|Guys Cliffe, Warwick|
Like many writers, I often go for a walk if I'm stuck, if I need to think my way through a knotty plot problem, map out the next part of the story, or simply to get away from my desk. I live in a small town and five or ten minutes in any direction will take me out into the countryside. One of my favourite walks is to Guys Cliffe, an impressive gothic ruin on a sandstone bluff above the river Avon, about a mile upstream from the town of Warwick.
Guy's Cliffe is named for Guy of Warwick, the legendary English hero, who fell in love with the high born and beautiful Felice. To win her hand, he had to prove his valour by battling it out with dragons, a giant boar and the fiercesome Dun Cow which had been ravaging the land hereabouts. He wins the lady's hand but later goes on a pilgrimage to atone for his life as a man of violence. On his return, he became a hermit and retreated from the world to live in a cave above the Avon.
The Oratory reputedly founded by him became the chapel of St Mary Magdalene which is still on the site. After the dissolution of the monasteries, the chapel, outbuildings and surrounding land were acquired by a Sir Andrew Flammock who built a Tudor house, completed in 1556.
|Guy's Cliffe on the Sheldon Tapestry, Warwick Museum|
In the 18th Century, the property was acquired by Samuel Greatheed who built himself a mansion. He was MP for Coventry and an extremely wealthy man, having inherited a large plantation on St Kitts in the West Indies and the slaves that went with it. The house was started in 1751, after his marriage to Lady Mary Bertie and built in the grand palladian style.
The house passed by marriage from the Greatheed - Berties to the Percy family in 1826. They occupied the house for over a century, their graves can be found in the nearby village of Old Milverton's Cemetery, but the last Percy to inherit in 1933 never took up permanent residency. The house was used as a hospital during the Second World War and as a school for evacuees. In 1947, the estate was broken up and sold. The families who had owned it from the 18th Century were gone, although their names live on as streets in Leamington Spa: Greatheed Road, Percy Terrace, Bertie Terrace and Bertie Road in nearby Kenilworth. Plans to convert the house into a hotel came to nothing and it fell into disrepair. The Free Masons acquired the undercroft and part of the house as a Masonic Lodge in the 1970s. They still use this part of the building but in 1992, during the filming of The Adventures of Sherlock Holmes - The Last Vampyre, the building caught fire, leaving the suitably gothic ruin that we see today.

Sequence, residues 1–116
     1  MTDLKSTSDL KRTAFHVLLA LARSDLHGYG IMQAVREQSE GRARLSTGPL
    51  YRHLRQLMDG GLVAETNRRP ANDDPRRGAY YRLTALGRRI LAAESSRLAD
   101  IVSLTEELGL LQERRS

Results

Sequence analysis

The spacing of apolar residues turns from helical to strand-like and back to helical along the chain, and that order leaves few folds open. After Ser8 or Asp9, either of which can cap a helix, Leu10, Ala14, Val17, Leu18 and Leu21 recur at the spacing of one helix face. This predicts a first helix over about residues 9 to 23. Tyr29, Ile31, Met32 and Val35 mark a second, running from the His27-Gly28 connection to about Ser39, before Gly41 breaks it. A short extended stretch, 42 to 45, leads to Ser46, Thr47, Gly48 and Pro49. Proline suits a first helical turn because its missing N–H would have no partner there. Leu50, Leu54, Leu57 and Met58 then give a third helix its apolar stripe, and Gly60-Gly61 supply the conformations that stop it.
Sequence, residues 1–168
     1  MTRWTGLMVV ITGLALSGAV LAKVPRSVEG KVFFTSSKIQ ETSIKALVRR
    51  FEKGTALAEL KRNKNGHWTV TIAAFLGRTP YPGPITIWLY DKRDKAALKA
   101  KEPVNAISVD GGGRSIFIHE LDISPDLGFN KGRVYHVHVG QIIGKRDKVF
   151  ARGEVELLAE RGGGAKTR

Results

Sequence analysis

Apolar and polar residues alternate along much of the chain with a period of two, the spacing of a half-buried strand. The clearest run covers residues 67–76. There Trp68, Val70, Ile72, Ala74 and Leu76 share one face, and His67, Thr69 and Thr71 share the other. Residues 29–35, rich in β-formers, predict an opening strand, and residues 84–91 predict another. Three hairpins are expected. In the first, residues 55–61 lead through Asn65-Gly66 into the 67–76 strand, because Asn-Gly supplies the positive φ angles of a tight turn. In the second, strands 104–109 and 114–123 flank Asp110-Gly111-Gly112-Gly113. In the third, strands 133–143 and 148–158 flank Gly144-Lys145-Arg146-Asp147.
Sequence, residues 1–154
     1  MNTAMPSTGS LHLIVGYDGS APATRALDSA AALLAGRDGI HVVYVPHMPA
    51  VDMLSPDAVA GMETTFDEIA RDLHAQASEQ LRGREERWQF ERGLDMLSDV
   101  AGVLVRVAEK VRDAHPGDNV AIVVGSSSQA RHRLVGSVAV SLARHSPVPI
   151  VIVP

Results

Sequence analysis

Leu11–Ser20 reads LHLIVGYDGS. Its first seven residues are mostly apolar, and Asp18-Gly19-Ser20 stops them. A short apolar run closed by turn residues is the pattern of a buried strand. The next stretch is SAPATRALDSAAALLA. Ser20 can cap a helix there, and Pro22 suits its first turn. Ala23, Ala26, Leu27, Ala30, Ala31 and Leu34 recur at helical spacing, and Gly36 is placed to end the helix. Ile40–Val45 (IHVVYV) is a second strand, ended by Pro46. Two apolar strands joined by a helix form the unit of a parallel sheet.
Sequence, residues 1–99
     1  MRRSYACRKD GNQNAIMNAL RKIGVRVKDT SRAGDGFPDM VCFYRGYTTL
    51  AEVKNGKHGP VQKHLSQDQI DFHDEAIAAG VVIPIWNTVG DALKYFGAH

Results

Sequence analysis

Now, Guy's Cliffe is often used for ghost hunts and ghost tours because, of course, there are ghost stories. Oppressive atmospheres, giant black figures, white ladies and even bad boy, Piers Gaveston, but perhaps he belongs to nearby Blacklow Hill and a different History Girls post.